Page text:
Biggs: 10 thoughts after Bears' comeback win
Brad breaks it down for us :smile:
This is a long read, but it's really good...
LINK to the article Ten thoughts after the Chicago Bears’ 23-22 victory over the Carolina Panthers on Sunday that keeps them in sole possession of first place atop the NFC North at 6-1, the second-best record in the conference.
1. Lovie Smith has said at least three times this season the Bears need to get the return game going, an expectation created by the record-setting career of Devin Hester.
But Hester doesn’t have to score touchdowns on returns if the defense keeps getting in the end zone. That's what happened as Tim Jennings’ 25-yard interception return gave the Bears a 20-19 lead with 6:44 remaining and proved to be a game-changing play when things looked bleak.
The first touchdown of Jennings’ NFL career was the sixth interception return for a score this season for the Bears, breaking the team record of five set in 2004 when Smith was just installing his defense in his first season as coach. It is two more touchdown returns than the Bears had as a defense all of last season. The defense now has 10 interception returns for touchdowns in the last 20 games dating to the Week 4 meeting with the Panthers a year ago when D.J. Moore had a 20-yard return for a score in a 34-29 victory over the Panthers. Charles Tillman has four, Major Wright and Lance Briggs have two each and Jennings and Moore have one apiece in the last 20 games.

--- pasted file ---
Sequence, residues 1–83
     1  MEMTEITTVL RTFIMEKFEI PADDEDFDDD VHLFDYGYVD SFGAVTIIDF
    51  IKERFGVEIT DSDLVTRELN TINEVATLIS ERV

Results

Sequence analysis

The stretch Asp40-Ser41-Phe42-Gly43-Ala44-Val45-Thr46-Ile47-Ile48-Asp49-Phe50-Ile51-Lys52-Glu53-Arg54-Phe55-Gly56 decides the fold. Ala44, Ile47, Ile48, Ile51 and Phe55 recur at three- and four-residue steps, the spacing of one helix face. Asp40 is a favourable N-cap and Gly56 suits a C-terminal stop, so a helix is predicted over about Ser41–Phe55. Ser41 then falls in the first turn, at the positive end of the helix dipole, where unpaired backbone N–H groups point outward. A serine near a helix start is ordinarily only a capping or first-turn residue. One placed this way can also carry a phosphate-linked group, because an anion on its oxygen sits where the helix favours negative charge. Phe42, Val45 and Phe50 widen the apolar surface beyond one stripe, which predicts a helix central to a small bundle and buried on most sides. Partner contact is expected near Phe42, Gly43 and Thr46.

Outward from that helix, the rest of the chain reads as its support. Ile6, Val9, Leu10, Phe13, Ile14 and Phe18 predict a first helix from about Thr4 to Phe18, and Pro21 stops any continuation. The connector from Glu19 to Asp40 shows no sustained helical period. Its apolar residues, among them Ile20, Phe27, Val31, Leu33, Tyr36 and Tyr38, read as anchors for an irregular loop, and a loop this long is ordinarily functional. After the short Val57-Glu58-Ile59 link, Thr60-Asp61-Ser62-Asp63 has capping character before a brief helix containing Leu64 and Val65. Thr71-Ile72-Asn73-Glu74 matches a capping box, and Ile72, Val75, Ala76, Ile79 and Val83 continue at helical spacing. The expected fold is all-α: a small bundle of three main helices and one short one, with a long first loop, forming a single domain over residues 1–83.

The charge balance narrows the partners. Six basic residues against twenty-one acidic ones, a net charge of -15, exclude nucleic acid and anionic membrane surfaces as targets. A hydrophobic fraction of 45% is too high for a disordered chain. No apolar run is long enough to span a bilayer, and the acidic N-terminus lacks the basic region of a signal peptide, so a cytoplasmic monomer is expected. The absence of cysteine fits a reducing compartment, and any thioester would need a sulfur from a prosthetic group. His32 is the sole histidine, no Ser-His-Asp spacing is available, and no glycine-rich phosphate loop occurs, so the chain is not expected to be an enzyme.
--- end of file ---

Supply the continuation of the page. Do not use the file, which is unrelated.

Randall Liu of the NFL office reports the six interception returns for scores this season is an NFL record through seven games, and the season record is within reach. The San Diego Chargers had nine interception returns for touchdowns in 1961, and the Seattle Seahawks had eight in 1998. The Seahawks and St. Louis Rams both have had seven in a season.
“The sky is the limit,” Tillman said. “When you set a number, you set your standard low. I don’t want to set my standard low. There is no limit. We’re gonna turn it up. It is remarkable.”
The Bears lead the NFL with 16 interceptions, putting them on pace for 36.5. The club record is 37 set in 1937 during a 12-game season. The NFL record is 49 by the Chargers in 1961.
But as Tillman said, what is remarkable about the Bears’ defense is the scoring. The team has six rushing touchdowns, six defensive touchdowns and nine passing touchdowns.
“As you look at it you can be surprised but if you guys watch our practices that's what we do each and every time we get our hands on the ball,” Jennings said. “We want to score with it. We're getting opportunities Peanut, Lance Briggs, Major, myself, we're gettng a lot of opportunities to score and that's been our mentality, that's been our focus all week.